2019 IEEE High Performance Extreme Computing Conference (HPEC ‘19) Twenty-third Annual HPEC Conference 24 - 26 September 2019 Westin Hotel, Waltham, MA USA
Wednesday September 25, 2019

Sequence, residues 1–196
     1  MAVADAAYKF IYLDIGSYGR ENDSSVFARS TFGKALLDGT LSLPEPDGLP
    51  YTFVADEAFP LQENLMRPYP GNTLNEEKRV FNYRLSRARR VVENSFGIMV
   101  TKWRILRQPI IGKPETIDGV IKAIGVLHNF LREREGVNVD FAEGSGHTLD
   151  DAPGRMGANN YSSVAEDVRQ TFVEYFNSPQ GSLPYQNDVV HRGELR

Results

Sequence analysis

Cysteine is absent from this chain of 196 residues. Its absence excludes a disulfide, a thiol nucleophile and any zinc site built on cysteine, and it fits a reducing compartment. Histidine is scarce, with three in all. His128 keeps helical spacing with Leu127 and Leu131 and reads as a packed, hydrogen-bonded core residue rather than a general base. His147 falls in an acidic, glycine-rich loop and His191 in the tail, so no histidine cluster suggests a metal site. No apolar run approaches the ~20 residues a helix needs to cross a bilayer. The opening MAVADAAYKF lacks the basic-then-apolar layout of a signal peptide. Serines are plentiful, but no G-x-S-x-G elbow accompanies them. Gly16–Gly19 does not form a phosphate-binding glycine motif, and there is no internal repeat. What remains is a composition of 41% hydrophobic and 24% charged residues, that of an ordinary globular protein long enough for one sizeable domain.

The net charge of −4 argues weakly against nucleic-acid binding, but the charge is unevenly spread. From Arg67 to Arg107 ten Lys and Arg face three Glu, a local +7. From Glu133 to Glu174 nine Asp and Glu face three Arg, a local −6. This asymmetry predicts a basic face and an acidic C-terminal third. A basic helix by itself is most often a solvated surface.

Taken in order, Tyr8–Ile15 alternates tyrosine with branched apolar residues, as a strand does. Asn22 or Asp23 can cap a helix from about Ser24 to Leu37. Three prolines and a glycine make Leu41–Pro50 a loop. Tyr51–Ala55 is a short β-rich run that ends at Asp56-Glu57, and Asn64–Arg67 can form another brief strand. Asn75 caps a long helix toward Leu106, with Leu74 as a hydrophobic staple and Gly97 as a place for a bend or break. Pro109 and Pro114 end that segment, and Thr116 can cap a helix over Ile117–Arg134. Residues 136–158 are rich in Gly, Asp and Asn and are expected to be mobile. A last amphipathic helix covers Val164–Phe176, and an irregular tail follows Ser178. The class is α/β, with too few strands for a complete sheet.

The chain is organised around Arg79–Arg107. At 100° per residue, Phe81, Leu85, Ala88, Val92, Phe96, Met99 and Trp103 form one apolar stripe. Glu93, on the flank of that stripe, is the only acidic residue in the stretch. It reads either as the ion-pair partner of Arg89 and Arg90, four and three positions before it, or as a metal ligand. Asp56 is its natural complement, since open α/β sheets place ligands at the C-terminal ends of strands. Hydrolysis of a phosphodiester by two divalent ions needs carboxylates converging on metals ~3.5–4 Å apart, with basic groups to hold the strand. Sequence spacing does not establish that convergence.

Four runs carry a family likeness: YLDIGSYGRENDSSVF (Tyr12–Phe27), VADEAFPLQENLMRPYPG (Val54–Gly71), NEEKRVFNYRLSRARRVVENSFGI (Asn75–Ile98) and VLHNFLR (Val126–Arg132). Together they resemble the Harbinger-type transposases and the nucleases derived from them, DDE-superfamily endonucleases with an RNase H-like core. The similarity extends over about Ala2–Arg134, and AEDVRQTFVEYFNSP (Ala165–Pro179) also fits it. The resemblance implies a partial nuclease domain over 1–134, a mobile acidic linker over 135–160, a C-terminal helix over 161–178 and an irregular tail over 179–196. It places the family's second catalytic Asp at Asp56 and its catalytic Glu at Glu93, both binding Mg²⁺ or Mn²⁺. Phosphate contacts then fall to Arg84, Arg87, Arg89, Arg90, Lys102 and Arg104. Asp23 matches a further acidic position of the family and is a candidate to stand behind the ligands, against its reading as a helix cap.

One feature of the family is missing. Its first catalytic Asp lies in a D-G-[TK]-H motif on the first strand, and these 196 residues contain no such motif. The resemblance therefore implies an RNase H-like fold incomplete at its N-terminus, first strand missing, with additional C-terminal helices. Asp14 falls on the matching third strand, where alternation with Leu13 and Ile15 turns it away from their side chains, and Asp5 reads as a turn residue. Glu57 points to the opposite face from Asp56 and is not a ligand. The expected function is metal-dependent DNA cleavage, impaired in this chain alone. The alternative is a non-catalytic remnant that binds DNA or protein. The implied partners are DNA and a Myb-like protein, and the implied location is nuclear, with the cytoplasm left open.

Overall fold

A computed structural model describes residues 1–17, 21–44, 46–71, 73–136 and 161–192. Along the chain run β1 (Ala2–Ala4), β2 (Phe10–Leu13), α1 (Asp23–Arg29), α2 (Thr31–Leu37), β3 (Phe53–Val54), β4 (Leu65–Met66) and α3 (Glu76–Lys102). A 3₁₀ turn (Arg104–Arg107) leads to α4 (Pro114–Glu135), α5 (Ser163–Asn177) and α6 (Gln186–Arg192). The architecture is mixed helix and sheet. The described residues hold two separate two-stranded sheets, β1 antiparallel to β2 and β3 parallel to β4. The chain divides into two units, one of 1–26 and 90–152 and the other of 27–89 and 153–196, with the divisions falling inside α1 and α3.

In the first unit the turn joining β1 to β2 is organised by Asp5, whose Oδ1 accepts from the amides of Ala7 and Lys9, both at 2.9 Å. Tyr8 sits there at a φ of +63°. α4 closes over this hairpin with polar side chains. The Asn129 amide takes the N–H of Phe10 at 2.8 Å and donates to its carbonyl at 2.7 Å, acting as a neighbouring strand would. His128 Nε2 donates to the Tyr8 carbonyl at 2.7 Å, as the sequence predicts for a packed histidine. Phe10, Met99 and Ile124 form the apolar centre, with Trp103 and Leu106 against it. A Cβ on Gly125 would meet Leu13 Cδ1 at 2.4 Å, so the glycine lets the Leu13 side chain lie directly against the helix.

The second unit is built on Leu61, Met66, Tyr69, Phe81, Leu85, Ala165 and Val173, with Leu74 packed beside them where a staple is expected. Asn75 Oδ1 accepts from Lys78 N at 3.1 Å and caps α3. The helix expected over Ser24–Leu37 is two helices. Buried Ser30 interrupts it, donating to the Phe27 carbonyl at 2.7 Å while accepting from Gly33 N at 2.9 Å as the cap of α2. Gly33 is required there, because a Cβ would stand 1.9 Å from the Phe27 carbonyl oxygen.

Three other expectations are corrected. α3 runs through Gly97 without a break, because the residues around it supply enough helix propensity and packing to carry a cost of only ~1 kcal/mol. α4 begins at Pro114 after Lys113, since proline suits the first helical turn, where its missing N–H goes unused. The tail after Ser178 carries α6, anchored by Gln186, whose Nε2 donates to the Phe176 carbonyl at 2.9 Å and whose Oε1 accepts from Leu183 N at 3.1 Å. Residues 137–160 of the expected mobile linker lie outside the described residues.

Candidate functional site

HPC 10:20-12:00 in Eden Vale C3 Chair: Seung Woo Son / UMass Lowell A Parallel Simulation Approach to ACAS X Development Adam Gjersvik and Robert J. Moss (MIT-LL) With a rapidly growing and evolving National Airspace System (NAS), ACAS X is intended to be the next-generation airborne collision avoidance system that can meet the demands its predecessor could not. The ACAS X algorithms are developed in the Julia programming language and are exercised in simulation environments tailored to test different characteristics of the system. Massive parallelization of these simulation environments has been implemented on the Lincoln Laboratory Supercomputing Center cluster in order to expedite the design and performance optimization of the system. This work outlines the approach to parallelization of one of our simulation tools and presents the resulting simulation speedups as well as a discussion on how it will enhance system characterization and design. Parallelization has made our simulation environment 33 times faster, which has greatly sped up the development process of ACAS X. Fast Large-Scale Algorithm for Electromagnetic Wave Propagation in 3D Media Mitchell Harris, M. Harper Langston, Pierre-David Letourneau, James Ezick, Richard Lethin (Reservoir Labs) We present a fast, large-scale algorithm for the simulations of electromagnetic waves (Maxwell's equations) in three-dimensional inhomogeneous media. The algorithm has a complexity of $O(N \log(N))$ and runs in parallel. Numerical simulations show the rapid treatment of problems with tens of millions of unknowns on a small shared-memory cluster ($\leq 16$ cores). Large Scale Parallelization Using File-Based Communications Chansup Byun, Jeremy Kepner, William Arcand, David Bestor, Bill Bergeron, Vijay Gadepally, Michael Houle, Matthew Hubbell, Michael Jones, Anna Klein, Peter Michaleas, Julie Mullen, Andrew Prout, Antonio Rosa, Siddharth Samsi, Charles Yee, Albert Reuther (MIT-LL) In this paper, we present a novel and new file-based communication architecture using the local file system for large scale parallelization. This new approach eliminates the issues with file system overload and resource contention when using the central file system for large parallel jobs. The new approach incurs additional overhead due to inter-node message file transfers when both the sending and receiving processes are not on the same node. However, even with this additional overhead cost, its benefits are far greater for the overall cluster operation in addition to the performance enhancement in message communications for large scale parallel jobs. For example, when running a 2048-process parallel job, it achieved about 34 times better performance with MPI_Bcast() when using the local file system.  Furthermore, since the security for transferring message files is handled entirely by using the secure copy protocol (scp) and the file system permissions, no additional security measures or ports are required other than those that are typically required on an HPC system. Scalable Solvers for Cone Complementarity Problems in Frictional Multibody Dynamics Saibal De (Univ. Michigan), Eduardo Corona (NYIT), Paramsothy Jayakumar (US Army), Shravan Veerapaneni (Univ. Michigan) We present an efficient, hybrid MPI/OpenMP framework for the cone complementarity formulation of large-scale rigid body dynamics problems with frictional contact. Data is partitioned among MPI processes using a Morton encoding to promote data locality and minimize communication. We parallelize the state-of-the-art first and second-order solvers for the resulting cone complementarity optimization problems. Our approach is highly scalable, enabling the solution of dense, large-scale multibody problems; a sedimentation simulation involving 256 million particles (~324 million contacts on average) was resolved using 512 cores in less than half-hour per time-step. Towards Improving Rate-Distortion Performance of Transform-Based Lossy Compression for HPC Datasets Jialing Zhang, Aekyeung Moon, Xiaoyan Zhuo, Seung Woo Son (UMass Lowell) As the size and amount of data produced by high-performance computing (HPC) applications grow exponentially, an effective data reduction technique is becoming critical to mitigating time and space burden. Lossy compression techniques, which have been widely used in image and video compression, hold promise to fulfill such data reduction need. However, they are seldom adopted in HPC datasets because of their difficulty in quantifying the amount of information loss and data reduction. In this paper, we explore a lossy compression strategy by revisiting the energy compaction properties of discrete transforms on HPC datasets. Specifically, we apply block-based transforms to HPC datasets, obtain the minimum number of coefficients containing the maximum energy (or information) compaction rate, and quantize remaining non-dominant coefficients using a binning mechanism to minimize information loss expressed in a distortion measure. We implement the proposed approach and evaluate it using six real-world HPC datasets. Our experimental results show that, on average, only 6.67 bits are required to preserve an optimal energy compaction rate on our evaluated datasets. Moreover, our knee detection algorithm improves the distortion in terms of peak signal-to-noise ratio by 2.46 dB on average.